Release Day Review: The Coldest War (The Milkweed Triptych, #2) by Ian Tregillis

July 17, 2012 Review 0

The Coldest War (The Milkweed Triptych, #2)

Art by Chris McGrath

The Coldest War

(The Milkweed Triptych, #2)
by Ian Tregillis

Genre: Speculative Fiction | Excerpt: Yes
Book Trailer:  No
Reviewed by: Abigail | Source: Publisher

  • Hardcover: 352 pages
  • Publisher: Tor Books; First Edition edition (July 17, 2012)
  • ISBN-10: 0765321513
  • ISBN-13: 978-0765321510


Excellent – Loved it! Buy it now & put this author on your watch list.


Someone is killing Britain’s warlocks.

Twenty-two years after the Second World War, a precarious balance of power maintains the peace between Great Britain and the USSR. For decades, the warlocks have been all that stand between the British Empire and the Soviet Union– a vast domain stretching from the Pacific Ocean to the shores of the English Channel. But now each death is another blow to Britain’s security.

Meanwhile, a brother and sister escape from a top-secret research facility deep behind the Iron Curtain. Once subjects of a twisted Nazi experiment to imbue ordinary humans with extraordinary abilities, then prisoners of war in the vast Soviet effort to reverse engineer the Nazi technology, they head for England.

Because that’s where former spy Raybould Marsh lives. And Gretel, the mad seer, has plans for him.

As Marsh is drawn back into the world of Milkweed, he discovers that Britain’s darkest acts didn’t end with the war. And as he strives to protect Queen and country, he’s forced to confront his own willingness to accept victory at any cost.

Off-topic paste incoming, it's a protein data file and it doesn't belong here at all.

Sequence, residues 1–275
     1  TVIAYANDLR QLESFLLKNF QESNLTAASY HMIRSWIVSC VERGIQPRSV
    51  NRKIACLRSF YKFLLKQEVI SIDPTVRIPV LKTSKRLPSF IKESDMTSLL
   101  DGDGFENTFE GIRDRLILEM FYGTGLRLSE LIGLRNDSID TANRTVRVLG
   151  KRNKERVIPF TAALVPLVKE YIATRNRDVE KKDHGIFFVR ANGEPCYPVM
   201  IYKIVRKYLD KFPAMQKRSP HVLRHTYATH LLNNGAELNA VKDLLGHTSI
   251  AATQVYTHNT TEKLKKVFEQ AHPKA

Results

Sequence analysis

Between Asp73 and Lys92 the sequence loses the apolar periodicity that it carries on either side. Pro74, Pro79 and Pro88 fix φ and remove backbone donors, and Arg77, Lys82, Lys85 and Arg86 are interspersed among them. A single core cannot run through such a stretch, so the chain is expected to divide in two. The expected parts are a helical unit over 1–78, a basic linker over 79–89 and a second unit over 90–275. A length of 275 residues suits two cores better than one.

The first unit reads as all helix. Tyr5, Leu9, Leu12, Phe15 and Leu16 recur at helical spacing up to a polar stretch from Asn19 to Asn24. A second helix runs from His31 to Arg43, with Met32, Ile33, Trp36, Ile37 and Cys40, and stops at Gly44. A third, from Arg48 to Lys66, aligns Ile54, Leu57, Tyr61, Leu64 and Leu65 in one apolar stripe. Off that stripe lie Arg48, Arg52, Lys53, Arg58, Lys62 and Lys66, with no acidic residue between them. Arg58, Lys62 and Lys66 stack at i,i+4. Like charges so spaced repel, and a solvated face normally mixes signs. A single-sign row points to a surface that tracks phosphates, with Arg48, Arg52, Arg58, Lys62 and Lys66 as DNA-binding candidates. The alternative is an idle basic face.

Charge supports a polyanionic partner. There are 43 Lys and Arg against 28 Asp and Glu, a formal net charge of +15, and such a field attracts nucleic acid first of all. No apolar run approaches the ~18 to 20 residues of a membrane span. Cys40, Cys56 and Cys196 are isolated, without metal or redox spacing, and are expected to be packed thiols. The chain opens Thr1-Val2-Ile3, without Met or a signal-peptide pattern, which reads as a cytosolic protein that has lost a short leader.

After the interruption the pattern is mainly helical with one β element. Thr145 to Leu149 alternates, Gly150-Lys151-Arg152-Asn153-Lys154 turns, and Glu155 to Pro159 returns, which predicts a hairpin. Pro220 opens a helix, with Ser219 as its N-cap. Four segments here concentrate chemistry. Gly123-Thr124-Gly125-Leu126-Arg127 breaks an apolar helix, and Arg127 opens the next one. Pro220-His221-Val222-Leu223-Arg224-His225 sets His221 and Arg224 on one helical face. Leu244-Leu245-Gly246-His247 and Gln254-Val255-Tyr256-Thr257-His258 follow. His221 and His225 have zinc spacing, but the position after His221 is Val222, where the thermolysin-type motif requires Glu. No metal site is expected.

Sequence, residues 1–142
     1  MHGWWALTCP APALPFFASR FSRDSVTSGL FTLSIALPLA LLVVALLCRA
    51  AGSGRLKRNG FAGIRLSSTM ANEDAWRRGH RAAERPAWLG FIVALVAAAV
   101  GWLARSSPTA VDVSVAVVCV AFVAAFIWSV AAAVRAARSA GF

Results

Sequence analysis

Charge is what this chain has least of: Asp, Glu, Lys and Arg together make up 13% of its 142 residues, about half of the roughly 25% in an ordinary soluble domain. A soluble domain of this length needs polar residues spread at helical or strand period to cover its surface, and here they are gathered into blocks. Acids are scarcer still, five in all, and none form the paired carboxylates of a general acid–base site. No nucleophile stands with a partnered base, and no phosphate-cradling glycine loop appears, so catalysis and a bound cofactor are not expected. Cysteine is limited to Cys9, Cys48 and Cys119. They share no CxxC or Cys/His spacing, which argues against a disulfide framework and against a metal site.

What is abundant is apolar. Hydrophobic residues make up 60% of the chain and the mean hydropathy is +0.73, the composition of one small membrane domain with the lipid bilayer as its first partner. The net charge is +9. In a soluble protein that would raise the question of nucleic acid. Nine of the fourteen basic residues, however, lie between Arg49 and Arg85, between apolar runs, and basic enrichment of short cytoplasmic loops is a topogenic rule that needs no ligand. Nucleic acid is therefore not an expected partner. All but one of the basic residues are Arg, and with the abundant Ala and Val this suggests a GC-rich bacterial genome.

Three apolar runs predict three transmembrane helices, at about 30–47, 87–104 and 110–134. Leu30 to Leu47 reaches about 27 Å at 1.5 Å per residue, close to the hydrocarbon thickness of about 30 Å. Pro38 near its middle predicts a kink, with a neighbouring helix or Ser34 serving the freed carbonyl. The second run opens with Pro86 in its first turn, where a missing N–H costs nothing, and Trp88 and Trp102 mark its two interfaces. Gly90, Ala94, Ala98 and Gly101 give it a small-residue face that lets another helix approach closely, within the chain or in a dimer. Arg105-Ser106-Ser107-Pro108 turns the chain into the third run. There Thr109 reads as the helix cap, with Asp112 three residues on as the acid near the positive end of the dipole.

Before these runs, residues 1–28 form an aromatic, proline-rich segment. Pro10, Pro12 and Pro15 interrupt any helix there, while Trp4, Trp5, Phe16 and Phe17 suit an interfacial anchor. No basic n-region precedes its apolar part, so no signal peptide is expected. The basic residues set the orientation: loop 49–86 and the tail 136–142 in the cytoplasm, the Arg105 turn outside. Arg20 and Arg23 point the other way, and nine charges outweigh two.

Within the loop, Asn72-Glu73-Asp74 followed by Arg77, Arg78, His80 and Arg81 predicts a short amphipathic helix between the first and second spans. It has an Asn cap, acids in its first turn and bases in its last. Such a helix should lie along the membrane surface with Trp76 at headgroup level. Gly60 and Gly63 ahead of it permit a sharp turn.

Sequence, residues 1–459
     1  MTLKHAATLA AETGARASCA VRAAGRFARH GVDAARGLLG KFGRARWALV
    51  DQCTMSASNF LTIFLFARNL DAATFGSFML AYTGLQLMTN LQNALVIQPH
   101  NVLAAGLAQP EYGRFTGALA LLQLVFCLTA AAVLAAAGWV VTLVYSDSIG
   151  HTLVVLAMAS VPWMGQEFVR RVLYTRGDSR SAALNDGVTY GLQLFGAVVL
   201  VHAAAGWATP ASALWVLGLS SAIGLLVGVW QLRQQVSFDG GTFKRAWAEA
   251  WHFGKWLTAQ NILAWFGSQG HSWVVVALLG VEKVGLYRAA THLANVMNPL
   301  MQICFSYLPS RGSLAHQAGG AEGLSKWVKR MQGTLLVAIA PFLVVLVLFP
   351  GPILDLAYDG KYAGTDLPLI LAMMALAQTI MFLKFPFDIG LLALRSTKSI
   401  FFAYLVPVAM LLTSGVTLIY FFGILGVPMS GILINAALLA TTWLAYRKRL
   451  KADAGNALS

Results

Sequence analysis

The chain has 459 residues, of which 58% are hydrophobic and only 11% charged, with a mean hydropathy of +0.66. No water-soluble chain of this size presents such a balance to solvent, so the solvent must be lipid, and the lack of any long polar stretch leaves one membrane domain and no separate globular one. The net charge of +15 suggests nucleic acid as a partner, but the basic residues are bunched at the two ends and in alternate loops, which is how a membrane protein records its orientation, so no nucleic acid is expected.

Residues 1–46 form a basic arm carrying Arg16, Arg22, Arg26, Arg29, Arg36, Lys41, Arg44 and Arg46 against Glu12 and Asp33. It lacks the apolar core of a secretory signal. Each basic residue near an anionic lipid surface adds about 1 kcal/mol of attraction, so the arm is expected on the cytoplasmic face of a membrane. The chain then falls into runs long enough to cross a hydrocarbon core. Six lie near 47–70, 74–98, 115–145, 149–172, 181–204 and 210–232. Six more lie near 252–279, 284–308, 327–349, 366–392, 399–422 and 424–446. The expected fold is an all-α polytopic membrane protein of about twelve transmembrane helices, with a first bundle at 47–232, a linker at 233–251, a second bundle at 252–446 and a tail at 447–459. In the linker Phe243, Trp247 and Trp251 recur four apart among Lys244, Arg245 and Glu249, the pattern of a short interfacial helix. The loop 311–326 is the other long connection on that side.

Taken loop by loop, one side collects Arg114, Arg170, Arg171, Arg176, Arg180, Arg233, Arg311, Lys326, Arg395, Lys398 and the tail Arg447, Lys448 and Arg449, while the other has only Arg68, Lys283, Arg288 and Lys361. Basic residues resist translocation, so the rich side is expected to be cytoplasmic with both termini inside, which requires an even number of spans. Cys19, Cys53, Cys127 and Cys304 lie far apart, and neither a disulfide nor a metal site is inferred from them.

20+ years after WWII and BITTER SEEDS, the second book in Ian Tregillis’ The Milkweed Triptych picks up during the cold war in THE COLDEST WAR.  Hitler has been defeated by warlocks and now the remnants of his experiments, humans with X-men like powers, are resurfacing with deadly consequences.  Cinematic in scope and filled with rich historical details–with a supernatural twist–THE COLDEST WAR is a dark, character driven thriller that fully embraces is bleak and despondent tone while weaving a story that is completely consuming.

Having not read BITTER SEEDS, I was presently surprised to find how easily the the context and history of these characters was conveyed at just the right moments throughout THE COLDEST WAR.  After a somewhat lengthy and seemingly unconnected introduction to the half dozen main characters, the storylines began to converge and the plot took off.  The expressive writing and deft characterizations were excellent and helped carry me through some of the more depressing parts.  The past two decades have been unbearably cruel to the protagonist Marsh.  It was heavy reading to learn all the truly awful and hopeless details of his life which were made all the more tragic when certain revelations came to light.

While not a happy book by any stretch, THE COLDEST WAR is intriguing and masterfully written.  Fascinating Nazi experiments and occult obsession mixed with spy thriller plot, alternate history, and grim but compelling characters.  This is not a book that’s easily forgotten, nor, I’m sure, will NECESSARY EVIL, the third and final book in The Milkweed Triptych, when it’s published on April 16, 2013.

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